Says Burg, “David wrote Lakeview Terrace, which I thought was great. He wrote Obsessed, which I thought was terrific, and he wrote Passenger 57, which I loved. He just created a really unique idea, and I happened to be on the set of a movie called Traffik, directed by Deon Taylor, and I said, ‘Deon, I just read this script on the plane. You may want to check this out, I think there’s something to this.’ He’s in the middle of directing a movie, and he calls me the next day and says, ‘I love it. I want to make it.’ It all happened very quick, over a Saturday morning.”
Loughery couldn’t believe how rapidly the movie was coming together. “Within a week, I had met Deon and loved the guy,” he says. “He loved the script. This is the fastest I’ve ever seen a script go into production. [Deon] made it come true, and it’s really a thrill. Most of the directors I run into are just very jaded, a lot laid back, but Deon just has this kind of life force that makes you feel like, ‘Wow, I’ve got to get on the train with this guy ‘cause I think he’s going somewhere.’”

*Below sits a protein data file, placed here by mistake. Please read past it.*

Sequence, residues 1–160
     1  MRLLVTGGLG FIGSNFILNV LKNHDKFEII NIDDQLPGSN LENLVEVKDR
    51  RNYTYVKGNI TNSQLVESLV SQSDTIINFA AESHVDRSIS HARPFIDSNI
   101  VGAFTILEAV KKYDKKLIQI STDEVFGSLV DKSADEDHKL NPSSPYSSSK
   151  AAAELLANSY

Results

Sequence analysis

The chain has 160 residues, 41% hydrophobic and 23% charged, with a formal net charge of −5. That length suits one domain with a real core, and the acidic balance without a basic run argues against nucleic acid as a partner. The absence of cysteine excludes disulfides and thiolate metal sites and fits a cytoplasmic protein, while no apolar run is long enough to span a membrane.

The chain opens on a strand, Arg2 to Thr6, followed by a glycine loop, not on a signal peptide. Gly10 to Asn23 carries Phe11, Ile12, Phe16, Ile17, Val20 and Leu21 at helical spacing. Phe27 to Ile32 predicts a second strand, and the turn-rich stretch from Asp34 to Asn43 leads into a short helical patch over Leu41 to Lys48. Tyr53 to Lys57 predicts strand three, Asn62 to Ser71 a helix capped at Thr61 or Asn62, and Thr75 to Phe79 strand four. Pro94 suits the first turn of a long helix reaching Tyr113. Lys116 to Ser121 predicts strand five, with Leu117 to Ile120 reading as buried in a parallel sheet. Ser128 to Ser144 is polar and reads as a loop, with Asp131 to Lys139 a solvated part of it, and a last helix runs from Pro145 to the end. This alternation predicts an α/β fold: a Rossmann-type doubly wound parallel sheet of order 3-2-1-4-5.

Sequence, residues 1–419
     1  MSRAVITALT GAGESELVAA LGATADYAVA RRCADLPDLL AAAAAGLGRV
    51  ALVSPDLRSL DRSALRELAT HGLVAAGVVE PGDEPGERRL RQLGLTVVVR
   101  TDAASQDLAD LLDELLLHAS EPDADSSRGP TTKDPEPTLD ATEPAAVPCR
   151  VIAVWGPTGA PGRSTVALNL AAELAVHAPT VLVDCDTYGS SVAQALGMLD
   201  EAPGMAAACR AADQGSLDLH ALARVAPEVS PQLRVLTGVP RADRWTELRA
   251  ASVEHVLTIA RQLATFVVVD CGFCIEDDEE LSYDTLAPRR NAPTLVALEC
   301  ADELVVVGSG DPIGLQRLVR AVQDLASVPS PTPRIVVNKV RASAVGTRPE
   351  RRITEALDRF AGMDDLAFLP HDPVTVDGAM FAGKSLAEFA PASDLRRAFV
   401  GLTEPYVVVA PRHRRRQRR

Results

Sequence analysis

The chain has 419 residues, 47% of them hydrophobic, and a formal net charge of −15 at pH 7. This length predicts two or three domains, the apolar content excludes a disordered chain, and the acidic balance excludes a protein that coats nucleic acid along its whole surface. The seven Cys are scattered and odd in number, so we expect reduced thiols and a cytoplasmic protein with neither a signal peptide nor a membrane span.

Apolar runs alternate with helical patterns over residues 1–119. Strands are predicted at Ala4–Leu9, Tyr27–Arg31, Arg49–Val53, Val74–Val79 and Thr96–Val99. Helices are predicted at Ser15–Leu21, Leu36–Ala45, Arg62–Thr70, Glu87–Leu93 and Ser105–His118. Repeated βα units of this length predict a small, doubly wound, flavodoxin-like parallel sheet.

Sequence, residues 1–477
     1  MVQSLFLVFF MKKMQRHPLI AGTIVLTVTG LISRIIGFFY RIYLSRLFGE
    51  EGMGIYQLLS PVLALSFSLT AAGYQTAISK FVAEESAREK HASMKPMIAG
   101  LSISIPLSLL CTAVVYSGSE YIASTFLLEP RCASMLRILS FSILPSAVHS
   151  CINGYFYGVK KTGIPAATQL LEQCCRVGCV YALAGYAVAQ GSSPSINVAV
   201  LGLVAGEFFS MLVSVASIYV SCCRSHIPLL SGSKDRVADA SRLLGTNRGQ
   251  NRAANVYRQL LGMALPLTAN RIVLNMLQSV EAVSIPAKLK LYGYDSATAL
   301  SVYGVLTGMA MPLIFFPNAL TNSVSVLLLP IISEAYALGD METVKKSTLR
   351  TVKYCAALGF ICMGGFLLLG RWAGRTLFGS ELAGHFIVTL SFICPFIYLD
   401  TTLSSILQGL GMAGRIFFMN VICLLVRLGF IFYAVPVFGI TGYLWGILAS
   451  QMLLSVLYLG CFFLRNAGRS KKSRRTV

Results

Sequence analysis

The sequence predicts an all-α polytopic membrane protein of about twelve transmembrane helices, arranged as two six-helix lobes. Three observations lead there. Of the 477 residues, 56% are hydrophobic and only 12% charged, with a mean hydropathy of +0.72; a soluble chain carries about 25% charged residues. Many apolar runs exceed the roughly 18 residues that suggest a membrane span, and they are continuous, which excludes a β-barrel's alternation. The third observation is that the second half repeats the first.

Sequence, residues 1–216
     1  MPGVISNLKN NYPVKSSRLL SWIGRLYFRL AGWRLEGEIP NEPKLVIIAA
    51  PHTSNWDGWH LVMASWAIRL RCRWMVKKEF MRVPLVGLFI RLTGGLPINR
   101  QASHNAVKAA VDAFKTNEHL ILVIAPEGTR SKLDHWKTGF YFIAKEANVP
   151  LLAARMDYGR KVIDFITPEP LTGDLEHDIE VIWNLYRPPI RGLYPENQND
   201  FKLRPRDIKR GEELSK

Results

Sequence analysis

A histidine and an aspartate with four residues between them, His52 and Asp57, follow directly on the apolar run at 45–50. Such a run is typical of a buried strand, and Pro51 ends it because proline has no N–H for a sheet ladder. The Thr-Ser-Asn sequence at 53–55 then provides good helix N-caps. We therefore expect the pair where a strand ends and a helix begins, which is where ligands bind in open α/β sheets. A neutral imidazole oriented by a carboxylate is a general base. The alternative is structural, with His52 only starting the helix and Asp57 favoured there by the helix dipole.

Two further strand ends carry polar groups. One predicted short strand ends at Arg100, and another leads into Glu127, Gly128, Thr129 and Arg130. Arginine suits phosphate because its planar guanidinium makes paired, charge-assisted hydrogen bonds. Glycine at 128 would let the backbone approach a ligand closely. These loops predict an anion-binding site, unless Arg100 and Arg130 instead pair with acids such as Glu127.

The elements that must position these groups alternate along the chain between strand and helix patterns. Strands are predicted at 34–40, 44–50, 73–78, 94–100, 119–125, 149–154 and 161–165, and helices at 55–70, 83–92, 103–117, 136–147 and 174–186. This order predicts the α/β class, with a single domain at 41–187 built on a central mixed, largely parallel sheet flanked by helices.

When it came to making Charlie Peck a flesh-and-blood figure of sympathy, then pity, then deception and menace, director Deon Taylor had only a few people in mind to play the character, but at the top of that list was versatile, acclaimed actor Dennis Quaid. His pitch to the actor was simple: he wanted to give Quaid a shot at his own Jack Torrance in The Shining or Annie Wilkes in Misery, roles that Jack Nicholson and Kathy Bates, respectively, turned into iconic cinematic nightmares for audiences everywhere. Screenwriter David Loughery has known Quaid for decades, since Quaid starred in Loughery’s first produced script, Dreamscape, and says Quaid was on his mind from the moment he was putting Charlie to paper.